The Scream is without a doubt Munch’s most well-known and most representational painting and one of the most famous paintings of all times, most likely due to the creativity and concentration of the subject. It is a seminal expressionist painting by Norwegian artist Edvard Munch. It is said by some to symbolize modern man taken by an attack of existential angst. (Whaley 75) The Scream was painted in 1893, a time of intense changes in European societies. This confusion was echoed in the artistic creations of the time, which had been freed by the Impressionists twenty years earlier and was becoming increasingly complex. Edvard Munch’s work lies someplace between Symbolism and Expressionism, much like other painters of his generation such as James Ensor, Vincent van Gogh and Henri de Toulouse-Lautrec.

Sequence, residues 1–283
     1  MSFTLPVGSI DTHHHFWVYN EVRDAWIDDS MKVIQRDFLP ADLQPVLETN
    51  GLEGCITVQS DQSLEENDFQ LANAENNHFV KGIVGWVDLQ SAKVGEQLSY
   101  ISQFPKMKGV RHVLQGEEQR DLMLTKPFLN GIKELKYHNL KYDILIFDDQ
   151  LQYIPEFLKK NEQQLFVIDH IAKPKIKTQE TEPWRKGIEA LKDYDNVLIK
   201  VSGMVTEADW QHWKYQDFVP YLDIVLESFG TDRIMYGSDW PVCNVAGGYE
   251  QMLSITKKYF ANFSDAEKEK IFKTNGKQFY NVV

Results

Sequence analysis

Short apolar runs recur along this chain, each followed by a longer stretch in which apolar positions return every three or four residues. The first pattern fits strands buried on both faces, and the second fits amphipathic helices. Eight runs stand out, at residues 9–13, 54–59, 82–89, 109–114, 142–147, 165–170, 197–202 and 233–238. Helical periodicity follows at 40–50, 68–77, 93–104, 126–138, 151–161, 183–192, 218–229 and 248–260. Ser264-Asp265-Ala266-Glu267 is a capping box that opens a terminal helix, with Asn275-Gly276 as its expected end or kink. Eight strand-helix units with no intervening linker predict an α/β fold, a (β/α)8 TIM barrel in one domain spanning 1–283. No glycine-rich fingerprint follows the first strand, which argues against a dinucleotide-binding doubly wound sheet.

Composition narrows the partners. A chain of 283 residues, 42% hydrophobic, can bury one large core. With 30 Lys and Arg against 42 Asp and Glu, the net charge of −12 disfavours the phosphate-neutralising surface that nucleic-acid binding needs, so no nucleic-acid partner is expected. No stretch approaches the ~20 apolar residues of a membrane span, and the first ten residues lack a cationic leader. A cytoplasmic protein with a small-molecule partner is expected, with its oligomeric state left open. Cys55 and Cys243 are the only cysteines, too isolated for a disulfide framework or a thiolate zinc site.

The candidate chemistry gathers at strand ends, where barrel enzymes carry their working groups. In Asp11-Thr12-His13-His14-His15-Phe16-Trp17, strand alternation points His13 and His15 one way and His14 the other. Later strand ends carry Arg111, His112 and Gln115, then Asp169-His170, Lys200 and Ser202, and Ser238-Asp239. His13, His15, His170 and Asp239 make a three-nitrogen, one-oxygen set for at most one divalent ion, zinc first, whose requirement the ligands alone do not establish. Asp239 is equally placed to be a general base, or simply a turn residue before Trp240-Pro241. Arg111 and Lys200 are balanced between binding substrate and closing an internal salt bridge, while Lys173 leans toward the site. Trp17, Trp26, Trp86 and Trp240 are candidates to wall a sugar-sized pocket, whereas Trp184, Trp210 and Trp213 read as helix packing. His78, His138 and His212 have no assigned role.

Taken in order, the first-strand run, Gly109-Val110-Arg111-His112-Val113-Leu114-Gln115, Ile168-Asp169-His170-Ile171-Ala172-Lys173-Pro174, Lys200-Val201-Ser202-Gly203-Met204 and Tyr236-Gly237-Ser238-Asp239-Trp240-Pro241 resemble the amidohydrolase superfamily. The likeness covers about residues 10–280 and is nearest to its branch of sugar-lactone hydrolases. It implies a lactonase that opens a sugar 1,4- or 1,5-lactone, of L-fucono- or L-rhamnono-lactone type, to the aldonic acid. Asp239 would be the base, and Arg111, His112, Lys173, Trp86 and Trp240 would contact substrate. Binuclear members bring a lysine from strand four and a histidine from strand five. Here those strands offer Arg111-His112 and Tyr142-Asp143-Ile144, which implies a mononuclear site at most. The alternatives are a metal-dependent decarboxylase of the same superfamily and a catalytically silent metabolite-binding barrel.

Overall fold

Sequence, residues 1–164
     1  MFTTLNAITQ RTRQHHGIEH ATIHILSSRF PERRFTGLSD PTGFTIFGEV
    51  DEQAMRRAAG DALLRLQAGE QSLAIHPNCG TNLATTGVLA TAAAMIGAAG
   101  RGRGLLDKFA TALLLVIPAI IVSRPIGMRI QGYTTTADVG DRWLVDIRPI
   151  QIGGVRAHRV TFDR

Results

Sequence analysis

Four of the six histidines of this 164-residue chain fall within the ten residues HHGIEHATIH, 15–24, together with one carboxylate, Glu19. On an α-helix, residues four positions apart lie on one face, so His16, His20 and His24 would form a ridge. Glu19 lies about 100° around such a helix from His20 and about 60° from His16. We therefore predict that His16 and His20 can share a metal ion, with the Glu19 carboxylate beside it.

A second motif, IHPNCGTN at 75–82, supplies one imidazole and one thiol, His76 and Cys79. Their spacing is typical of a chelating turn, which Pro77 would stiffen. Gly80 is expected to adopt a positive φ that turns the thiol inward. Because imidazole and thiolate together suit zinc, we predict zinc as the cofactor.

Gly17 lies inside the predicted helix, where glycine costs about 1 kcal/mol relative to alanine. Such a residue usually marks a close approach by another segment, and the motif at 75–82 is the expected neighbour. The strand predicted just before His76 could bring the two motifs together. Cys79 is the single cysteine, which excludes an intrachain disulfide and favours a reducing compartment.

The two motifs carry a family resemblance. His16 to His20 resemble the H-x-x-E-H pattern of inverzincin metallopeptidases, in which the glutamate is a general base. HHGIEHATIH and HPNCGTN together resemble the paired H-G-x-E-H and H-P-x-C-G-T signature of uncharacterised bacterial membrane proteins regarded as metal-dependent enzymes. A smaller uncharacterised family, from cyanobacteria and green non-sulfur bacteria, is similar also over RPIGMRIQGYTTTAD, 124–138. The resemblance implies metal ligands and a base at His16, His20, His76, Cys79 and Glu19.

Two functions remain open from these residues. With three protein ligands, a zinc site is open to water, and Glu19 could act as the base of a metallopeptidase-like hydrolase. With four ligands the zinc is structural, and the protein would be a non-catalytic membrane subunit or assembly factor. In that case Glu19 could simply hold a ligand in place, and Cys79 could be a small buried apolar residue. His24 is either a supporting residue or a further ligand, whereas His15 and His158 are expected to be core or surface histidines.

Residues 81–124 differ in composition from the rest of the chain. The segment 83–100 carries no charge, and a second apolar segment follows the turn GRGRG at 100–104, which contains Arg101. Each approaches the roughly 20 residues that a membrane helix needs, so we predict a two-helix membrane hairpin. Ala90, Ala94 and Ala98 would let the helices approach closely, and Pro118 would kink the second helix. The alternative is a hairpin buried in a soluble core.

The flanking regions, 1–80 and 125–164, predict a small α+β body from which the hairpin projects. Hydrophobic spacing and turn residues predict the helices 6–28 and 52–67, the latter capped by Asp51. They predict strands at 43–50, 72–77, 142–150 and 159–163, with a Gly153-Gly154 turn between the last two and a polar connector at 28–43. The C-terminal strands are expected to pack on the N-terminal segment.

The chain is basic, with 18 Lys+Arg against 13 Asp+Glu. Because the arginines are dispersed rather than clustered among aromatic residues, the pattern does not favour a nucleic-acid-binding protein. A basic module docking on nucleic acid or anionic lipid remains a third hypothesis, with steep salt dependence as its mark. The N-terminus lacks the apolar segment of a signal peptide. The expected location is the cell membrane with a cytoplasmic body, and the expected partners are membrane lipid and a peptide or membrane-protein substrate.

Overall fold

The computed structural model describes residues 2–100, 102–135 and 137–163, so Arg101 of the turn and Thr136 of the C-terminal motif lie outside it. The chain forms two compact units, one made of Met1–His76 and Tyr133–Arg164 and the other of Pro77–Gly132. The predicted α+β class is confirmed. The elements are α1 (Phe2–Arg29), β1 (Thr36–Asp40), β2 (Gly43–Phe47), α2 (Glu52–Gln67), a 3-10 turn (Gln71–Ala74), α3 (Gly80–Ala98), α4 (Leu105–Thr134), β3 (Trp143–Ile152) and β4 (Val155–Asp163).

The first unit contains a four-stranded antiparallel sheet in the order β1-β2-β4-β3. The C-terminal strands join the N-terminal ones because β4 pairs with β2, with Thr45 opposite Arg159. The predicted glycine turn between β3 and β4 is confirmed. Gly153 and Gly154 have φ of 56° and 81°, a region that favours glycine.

At that time in history, Norway was still attached to Sweden (and would be until 1905) and entire Europe went through a phase of turmoil that would terminate with the two world wars of the 20th century. This decadent atmosphere was a great source of inspiration for those who would soon become the Expressionists and for all the artists who would justify artistic freedom.
These anxieties were shared by Munch. As early as 1899, in Germany, Max Liebermann was leading a group of young radicals which Munch joined, but the latter soon created a scandal at the Verein Bildender Künstler, where the group had exhibited their work, with one of his paintings.